Food Service workers at Ball High School

Marina Lima grabs bagged lunches for Galveston Independent School District students as she and school district food service staff prepare for the lunch pick-up at Ball High School on Wednesday, April 1, 2020.

Families and guardians with eligible students now have until Aug. 21 to apply for a one-time Pandemic-Electronic Benefit Transfer or P-EBT food benefit of $285. Gov. Greg Abbott last week extended the application deadline to enable more people to apply.

As of July 17, more than 20 percent of available funding in Texas remained unclaimed, according to the Texas Department of Agriculture.

The one-time payment from the federal government is available for every child who received free meals under the National School Lunch Program. The U.S. Department of Agriculture designated $1 billion to supplement families that may have temporarily lost access to free or reduced-price school meals when the COVID-19 emergency closed schools in the spring.

That includes students at schools designated as Community Eligibility Program, or CEP campuses, where all students receive free breakfast and lunch, regardless of income, as well as students qualifying for free lunches based on family income.

All schools in the Galveston Independent School District are CEP participants and all students qualify for the one-time benefit, said Jennifer Douglas, the district’s director of child nutrition.

Students receiving federal SNAP benefits via a Lone Star card were automatically enrolled in the program and received the money back in May, according to Texas Health and Human Services Commission, the agency distributing the funds.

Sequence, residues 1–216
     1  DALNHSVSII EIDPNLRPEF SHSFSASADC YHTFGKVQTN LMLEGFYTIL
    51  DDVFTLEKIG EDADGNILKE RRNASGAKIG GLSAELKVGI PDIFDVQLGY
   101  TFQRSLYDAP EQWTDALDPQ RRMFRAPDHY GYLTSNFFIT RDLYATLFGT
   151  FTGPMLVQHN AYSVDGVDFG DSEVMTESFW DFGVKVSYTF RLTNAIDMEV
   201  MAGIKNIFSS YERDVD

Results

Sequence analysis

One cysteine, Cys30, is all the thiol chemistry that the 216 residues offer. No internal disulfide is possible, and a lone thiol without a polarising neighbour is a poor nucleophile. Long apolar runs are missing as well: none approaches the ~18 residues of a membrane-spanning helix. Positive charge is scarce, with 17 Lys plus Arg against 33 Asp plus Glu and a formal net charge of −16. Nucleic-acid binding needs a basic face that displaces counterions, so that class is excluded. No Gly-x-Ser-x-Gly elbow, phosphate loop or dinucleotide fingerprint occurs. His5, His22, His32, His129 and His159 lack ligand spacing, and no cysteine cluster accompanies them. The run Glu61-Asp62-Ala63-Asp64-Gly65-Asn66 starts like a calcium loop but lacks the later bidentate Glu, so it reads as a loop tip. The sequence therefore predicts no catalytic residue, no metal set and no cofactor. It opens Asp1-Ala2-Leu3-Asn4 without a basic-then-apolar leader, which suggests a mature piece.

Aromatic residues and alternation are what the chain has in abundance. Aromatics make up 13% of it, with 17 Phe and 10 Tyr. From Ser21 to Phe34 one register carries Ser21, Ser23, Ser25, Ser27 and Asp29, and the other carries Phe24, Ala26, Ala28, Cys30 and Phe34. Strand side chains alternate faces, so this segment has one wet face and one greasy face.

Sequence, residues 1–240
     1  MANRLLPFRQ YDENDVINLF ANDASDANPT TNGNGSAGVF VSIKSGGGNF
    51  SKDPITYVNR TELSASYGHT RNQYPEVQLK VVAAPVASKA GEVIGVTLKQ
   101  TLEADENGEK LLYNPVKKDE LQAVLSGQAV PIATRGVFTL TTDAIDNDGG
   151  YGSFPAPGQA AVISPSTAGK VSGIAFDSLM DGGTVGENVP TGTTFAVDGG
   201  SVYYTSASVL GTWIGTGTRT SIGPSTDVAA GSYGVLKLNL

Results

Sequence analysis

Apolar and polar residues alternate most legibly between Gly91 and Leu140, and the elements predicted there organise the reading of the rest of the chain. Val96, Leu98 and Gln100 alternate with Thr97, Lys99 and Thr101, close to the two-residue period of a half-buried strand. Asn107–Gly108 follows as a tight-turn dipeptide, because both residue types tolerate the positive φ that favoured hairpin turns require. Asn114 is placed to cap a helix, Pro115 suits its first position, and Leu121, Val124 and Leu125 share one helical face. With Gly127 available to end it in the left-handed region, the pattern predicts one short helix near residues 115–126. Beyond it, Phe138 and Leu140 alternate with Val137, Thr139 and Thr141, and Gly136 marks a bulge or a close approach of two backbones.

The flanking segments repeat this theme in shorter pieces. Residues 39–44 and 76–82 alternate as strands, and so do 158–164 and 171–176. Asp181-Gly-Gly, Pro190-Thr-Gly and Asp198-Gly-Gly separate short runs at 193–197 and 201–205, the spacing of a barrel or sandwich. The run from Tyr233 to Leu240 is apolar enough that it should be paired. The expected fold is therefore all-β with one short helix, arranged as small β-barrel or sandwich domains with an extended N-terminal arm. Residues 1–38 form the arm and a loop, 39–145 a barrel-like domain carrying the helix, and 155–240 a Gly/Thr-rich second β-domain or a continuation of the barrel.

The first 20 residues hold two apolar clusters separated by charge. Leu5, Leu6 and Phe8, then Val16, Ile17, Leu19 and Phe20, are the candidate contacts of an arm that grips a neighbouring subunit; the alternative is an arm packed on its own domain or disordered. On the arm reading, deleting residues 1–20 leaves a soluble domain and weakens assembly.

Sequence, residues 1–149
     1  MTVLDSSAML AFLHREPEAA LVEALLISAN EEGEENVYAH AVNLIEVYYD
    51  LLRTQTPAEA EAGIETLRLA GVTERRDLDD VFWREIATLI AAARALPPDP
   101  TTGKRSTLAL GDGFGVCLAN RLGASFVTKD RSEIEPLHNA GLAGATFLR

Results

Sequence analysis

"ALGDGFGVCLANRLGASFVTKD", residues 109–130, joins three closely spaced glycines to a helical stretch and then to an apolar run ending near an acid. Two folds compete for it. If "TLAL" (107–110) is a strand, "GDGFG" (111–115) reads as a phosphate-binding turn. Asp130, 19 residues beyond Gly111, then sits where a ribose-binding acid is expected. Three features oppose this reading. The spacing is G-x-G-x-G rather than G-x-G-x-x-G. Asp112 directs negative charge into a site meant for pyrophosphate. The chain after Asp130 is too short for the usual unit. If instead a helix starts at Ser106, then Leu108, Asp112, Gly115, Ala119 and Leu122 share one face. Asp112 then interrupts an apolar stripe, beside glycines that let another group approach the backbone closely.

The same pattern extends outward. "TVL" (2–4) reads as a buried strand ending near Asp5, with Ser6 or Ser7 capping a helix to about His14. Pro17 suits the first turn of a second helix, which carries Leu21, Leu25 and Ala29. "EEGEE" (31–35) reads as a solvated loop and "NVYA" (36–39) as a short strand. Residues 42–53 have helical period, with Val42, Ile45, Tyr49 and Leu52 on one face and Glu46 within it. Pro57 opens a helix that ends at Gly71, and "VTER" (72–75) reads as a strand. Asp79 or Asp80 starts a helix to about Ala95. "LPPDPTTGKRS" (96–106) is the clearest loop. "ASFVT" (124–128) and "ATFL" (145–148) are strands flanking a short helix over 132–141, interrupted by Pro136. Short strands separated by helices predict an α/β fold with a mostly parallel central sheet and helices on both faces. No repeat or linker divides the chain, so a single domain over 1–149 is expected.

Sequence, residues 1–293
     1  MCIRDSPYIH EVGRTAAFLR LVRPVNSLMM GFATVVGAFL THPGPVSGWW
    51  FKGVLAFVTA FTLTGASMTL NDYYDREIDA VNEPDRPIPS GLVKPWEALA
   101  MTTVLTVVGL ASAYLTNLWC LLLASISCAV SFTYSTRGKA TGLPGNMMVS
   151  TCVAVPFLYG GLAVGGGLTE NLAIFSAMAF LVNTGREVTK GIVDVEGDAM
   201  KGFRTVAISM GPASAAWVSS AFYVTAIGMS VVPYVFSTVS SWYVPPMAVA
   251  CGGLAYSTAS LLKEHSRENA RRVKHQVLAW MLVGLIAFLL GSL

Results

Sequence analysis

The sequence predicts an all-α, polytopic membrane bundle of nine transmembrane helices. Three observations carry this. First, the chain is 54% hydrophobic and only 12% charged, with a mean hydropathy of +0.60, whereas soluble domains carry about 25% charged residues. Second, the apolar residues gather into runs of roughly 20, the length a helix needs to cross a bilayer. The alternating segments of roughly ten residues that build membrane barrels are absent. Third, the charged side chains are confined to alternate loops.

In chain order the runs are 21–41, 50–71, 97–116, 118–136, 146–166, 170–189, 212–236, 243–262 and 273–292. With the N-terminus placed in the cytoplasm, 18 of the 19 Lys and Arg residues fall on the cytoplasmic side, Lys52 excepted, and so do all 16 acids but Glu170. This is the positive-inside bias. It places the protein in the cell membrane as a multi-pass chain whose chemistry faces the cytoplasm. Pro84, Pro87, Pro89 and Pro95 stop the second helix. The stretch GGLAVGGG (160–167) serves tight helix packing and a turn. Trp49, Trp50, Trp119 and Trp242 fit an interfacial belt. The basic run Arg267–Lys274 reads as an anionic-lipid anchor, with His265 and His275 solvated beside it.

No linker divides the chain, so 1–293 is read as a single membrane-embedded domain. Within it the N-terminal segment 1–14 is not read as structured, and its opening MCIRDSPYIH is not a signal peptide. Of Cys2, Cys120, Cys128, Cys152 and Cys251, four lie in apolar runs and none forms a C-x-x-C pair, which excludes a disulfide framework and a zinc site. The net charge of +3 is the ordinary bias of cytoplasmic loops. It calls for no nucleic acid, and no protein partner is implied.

Newly approved recipients will receive a Texas P-EBT card loaded with the nontransferable funds. Funds must be used to purchase food and must meet existing Supplemental Nutrition Assistance Program or SNAP guidelines, according to the commission’s website.

Families can safely apply for and receive funds regardless of citizenship status, so long as they received free meals through their schools, according to the commission.

Even if schools continued to provide bagged lunches and students received them, each eligible child is due the reimbursement benefit. In Texas, 3.6 million children are eligible for the P-EBT benefit.

Within the Texas City Independent School District, 85 percent of students qualify for free and reduced lunch, said Melissa Tortorici, district spokeswoman.

“For the past two years, all but three of our campuses — Texas City High School, La Marque High School and Blocker Middle School — qualified for the Community Eligible Program, where all students get free breakfast and free lunch,” Tortorici said. “Since their school is a CEP, they qualify to apply.”

School districts sent out links to an online application in June, according to the commission. Potential applicants who didn’t receive a letter and want to apply should call the P-EBT Call Center at 833-613-6220, from 8 a.m. to 6 p.m. Monday through Friday for assistance.

“We know we have had a lot apply,” Tortorici said.

To learn more, visit hhs.texas.gov and read about the P-EBT program under Latest Headlines.

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